( Photo Credit: Nancy Lane/MediaNews Group/Boston Herald )
By Joe Chrzanowski | Follow Me on Twitter @jchrz19
For the fifth year in a row, the Bruins sent a team to participate in the Prospects Challenge in Buffalo. This year’s edition split it right down the middle, finishing with a 1-1-1 record after three games versus prospects from the Penguins, Sabres and Devils organizations. I would like to say that it was a good opportunity for fans of the team to become more familiar with some of their prospects. Unfortunately, that was not the case, unless you were lucky enough to actually attend the Challenge in person.
That’s because the Bruins organization did not see fit to televise or stream any of the games. The Penguins and Sabres streamed the games locally, but most in the Boston area were unable to watch. Fortunately, the Devils broadcast the Monday game on YouTube, and it’s still available for your viewing pleasure. It would be great if the Bruins decided to remedy this situation going forward, but that’s a discussion for another day. On to the actual games.
On Friday afternoon the Bruins took on the Penguins, and the good guys managed to come out on top, 4-3. The game did not start off very well for the Bruins, with the team falling behind 2-0 after goals by Sam Miletic and Pittsburgh first-round pick, Samuel Poulin. Boston bounced back on goals from draft picks Jakub Lauko, and Jack Studnicka and camp invite Scott Conway. The Pens tied it on a score by Nathan Legaré late in the second period. Anders Bjork came to the rescue for the Bruins, scoring the game-winner on the PP with just two seconds left in regulation. It was a good showing for Bjork, who had an assist to go along with his goal. Jack Studnicka also had a score and a helper.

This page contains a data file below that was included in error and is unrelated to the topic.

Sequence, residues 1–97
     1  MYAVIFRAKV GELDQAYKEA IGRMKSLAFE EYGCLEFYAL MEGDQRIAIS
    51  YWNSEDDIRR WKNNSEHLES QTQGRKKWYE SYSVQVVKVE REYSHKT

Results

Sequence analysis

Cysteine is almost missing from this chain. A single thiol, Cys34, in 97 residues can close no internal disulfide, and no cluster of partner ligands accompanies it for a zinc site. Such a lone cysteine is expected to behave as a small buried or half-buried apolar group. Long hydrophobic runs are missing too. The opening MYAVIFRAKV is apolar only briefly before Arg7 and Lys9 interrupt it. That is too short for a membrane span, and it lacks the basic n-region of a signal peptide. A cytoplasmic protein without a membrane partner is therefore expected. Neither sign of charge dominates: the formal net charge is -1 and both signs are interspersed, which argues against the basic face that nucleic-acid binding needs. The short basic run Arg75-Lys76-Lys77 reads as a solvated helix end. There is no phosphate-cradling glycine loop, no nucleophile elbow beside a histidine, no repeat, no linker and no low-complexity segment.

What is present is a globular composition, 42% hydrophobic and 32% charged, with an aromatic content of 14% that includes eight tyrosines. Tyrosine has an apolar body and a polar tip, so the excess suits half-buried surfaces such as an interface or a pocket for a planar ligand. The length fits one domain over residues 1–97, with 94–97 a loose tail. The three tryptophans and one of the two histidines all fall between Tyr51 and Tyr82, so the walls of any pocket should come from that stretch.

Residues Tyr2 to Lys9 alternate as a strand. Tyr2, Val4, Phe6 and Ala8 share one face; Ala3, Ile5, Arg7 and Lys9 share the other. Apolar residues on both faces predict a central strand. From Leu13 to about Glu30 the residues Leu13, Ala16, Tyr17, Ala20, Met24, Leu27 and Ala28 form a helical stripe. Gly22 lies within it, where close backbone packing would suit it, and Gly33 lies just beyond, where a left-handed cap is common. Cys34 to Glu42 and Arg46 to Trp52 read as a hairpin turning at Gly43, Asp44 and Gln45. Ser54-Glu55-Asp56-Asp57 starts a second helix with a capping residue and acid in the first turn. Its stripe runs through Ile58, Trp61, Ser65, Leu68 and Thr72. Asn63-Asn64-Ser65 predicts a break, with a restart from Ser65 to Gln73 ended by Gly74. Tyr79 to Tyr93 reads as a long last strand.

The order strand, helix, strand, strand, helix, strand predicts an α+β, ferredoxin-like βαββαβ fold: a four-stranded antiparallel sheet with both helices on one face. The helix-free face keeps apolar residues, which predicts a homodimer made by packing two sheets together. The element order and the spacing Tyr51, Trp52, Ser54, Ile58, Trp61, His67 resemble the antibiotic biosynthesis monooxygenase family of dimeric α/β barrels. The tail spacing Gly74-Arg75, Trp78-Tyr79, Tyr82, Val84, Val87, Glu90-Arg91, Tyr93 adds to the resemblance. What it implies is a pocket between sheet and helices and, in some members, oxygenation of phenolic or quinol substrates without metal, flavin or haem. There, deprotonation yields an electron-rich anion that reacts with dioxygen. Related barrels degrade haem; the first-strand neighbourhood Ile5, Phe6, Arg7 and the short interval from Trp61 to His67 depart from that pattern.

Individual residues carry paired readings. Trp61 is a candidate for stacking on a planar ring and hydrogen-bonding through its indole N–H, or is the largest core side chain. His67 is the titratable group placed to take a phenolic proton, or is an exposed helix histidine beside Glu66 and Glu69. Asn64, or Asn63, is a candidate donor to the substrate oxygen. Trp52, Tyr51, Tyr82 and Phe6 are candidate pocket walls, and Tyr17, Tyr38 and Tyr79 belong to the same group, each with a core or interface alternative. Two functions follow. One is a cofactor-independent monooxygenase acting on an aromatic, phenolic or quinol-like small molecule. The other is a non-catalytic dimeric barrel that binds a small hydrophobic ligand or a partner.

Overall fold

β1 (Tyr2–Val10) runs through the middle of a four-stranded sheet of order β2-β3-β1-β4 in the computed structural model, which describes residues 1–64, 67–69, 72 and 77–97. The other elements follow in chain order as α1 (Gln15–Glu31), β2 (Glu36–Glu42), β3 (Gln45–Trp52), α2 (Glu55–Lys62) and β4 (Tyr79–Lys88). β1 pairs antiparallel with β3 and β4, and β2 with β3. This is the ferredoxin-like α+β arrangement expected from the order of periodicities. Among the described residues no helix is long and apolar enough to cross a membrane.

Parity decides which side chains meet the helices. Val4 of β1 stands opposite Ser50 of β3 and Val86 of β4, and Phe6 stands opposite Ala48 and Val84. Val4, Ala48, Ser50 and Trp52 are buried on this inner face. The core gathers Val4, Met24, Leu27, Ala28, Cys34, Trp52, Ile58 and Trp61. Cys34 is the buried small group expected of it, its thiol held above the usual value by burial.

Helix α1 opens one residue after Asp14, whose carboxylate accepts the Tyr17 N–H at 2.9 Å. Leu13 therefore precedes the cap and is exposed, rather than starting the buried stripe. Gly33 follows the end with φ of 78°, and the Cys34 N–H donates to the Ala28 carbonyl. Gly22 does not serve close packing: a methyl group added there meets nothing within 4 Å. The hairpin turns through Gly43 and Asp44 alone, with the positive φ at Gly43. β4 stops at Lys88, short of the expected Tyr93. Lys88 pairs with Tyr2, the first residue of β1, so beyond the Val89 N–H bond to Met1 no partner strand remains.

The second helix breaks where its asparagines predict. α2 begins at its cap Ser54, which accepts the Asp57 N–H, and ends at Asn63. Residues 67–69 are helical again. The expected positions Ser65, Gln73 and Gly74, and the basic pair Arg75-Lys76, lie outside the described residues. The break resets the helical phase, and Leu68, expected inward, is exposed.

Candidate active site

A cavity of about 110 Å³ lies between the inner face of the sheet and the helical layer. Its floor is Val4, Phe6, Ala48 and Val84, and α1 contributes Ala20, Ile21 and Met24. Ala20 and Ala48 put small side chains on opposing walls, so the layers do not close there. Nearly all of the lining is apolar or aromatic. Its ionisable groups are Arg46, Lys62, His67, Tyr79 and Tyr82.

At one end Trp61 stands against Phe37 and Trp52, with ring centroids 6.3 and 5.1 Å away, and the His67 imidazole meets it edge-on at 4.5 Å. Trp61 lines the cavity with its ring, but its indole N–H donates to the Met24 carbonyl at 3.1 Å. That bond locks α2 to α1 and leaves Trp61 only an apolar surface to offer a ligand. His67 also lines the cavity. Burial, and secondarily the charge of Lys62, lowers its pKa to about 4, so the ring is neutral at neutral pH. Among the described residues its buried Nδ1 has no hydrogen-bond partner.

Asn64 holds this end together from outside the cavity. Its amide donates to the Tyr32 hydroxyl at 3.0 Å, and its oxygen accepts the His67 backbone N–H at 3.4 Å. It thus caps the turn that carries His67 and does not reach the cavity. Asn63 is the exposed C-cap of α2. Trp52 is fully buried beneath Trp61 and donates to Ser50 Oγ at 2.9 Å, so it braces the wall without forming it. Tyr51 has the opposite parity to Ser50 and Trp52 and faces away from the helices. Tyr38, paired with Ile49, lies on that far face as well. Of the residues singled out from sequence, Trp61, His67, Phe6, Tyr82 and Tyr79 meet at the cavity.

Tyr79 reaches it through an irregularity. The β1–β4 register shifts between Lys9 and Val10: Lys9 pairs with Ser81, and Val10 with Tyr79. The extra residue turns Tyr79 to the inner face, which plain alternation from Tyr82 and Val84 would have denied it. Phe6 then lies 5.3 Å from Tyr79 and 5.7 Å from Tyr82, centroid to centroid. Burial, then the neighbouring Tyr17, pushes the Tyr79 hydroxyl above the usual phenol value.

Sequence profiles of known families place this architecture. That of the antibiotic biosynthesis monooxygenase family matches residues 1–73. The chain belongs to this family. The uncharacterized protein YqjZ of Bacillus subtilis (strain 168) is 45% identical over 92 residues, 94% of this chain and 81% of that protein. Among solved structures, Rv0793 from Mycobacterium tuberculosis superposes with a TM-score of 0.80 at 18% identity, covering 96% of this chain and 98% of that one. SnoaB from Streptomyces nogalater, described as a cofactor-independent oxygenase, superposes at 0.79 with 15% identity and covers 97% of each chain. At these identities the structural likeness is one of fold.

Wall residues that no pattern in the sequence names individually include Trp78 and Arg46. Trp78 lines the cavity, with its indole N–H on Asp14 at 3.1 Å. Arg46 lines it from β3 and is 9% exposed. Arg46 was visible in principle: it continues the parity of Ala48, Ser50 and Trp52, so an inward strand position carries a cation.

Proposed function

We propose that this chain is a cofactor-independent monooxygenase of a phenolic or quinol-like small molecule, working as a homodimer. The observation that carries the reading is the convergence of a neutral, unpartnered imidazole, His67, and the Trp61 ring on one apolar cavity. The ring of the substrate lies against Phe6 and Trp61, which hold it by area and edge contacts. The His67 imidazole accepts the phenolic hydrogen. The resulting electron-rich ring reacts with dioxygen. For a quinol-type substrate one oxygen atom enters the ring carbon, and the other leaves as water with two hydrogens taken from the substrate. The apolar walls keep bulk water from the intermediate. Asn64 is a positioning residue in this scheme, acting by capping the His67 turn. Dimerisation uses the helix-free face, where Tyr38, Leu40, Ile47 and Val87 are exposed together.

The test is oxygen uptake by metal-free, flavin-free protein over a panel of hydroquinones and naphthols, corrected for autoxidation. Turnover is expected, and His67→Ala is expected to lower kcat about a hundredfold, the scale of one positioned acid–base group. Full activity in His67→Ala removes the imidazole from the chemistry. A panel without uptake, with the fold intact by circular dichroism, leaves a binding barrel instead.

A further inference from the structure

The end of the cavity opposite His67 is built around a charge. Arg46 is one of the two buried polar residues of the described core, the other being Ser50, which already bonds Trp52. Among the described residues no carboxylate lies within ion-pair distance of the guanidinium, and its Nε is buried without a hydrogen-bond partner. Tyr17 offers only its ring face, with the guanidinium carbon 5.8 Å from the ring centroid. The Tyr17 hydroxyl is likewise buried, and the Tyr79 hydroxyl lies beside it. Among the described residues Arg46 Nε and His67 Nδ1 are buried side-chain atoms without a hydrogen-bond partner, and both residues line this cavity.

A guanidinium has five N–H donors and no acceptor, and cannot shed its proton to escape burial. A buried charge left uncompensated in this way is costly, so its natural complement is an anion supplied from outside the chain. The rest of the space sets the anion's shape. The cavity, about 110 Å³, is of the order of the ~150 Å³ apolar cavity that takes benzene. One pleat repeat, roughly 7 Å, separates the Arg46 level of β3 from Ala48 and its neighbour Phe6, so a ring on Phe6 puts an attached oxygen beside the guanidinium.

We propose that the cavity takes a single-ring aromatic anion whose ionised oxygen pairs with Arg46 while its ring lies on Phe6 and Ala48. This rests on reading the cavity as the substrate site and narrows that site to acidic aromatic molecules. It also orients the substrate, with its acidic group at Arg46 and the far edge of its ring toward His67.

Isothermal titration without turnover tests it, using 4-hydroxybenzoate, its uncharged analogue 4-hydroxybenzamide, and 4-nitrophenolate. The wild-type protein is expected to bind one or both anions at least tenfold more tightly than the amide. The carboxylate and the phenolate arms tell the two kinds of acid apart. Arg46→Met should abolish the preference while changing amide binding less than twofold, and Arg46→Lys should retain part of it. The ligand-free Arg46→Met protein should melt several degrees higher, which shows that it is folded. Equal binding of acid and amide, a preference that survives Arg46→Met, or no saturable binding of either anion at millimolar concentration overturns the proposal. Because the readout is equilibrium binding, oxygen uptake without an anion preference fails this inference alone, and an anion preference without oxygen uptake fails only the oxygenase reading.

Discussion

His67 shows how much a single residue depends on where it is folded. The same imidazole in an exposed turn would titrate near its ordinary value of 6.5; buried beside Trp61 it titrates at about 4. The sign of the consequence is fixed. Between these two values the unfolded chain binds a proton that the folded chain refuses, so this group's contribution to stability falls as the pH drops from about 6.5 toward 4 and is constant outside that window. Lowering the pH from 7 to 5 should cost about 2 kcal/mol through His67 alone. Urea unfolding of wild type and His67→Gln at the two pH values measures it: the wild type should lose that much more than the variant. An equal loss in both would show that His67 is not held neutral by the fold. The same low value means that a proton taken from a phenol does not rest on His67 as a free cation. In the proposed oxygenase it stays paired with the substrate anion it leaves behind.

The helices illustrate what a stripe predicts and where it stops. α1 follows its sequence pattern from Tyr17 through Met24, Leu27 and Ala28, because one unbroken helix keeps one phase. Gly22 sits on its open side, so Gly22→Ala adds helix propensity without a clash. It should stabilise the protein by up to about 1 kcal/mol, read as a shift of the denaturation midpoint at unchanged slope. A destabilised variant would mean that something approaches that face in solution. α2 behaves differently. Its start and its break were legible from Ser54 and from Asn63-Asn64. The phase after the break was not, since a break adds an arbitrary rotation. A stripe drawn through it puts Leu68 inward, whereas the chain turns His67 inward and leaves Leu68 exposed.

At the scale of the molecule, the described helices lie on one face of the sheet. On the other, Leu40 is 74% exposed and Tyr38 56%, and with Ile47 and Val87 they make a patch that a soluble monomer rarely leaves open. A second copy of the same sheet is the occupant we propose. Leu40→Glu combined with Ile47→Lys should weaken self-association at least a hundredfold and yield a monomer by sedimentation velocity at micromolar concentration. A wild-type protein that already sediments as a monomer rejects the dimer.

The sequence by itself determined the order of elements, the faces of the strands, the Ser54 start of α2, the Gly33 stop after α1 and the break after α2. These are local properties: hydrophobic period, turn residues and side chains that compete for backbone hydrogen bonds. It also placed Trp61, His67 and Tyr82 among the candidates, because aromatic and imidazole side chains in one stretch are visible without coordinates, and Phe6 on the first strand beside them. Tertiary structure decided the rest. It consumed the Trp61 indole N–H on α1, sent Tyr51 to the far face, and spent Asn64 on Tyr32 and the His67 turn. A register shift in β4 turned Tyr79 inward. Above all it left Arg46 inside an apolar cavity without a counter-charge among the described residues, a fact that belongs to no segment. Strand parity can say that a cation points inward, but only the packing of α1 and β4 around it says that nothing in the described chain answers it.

The second game was Saturday evening against the host Buffalo Sabres. The final score was the same as Friday, 4-3, but the hometown boys came out on the short end, despite a great offensive effort by C/W Oskar Steen. Buffalo opened the scoring on a goal by Rasmus Asplund. Steen tied it midway through the second period on a feed from diminutive camp invite Dante Hannoun before the Sabres scored three goals in less than four minutes. Two of the goals came from center Matej Pekar, a fourth-round pick in 2018. The Bruins closed the gap in the third period on two power-play goals, from Steen and QMJHL free agent signing Samuel Asselin. They had a number of good chances to tie the game in the last minute or so with goalie Dan Vladar pulled for the extra attacker. Unfortunately, they were unable to get the equalizer by 2014 draftee Jonas Johansson.
The final game was a breakfast tilt with an unusual 9:30am start time Monday morning against the New Jersey Devils prospects, including first overall pick, Jack Hughes. The Bruins dropped this one in OT, but I felt they were the better team for the majority of the game, particularly at even strength. Both regulation goals by NJ were scored on the PP. The Devils tallied the first goal of the game while on a 5 on 3 PP. I would term the calls that led to the two-man advantage as “generous.” The score came by Nathan Bastian off a tic-tac-toe passing play that goalie Kyle Keyser had no chance at.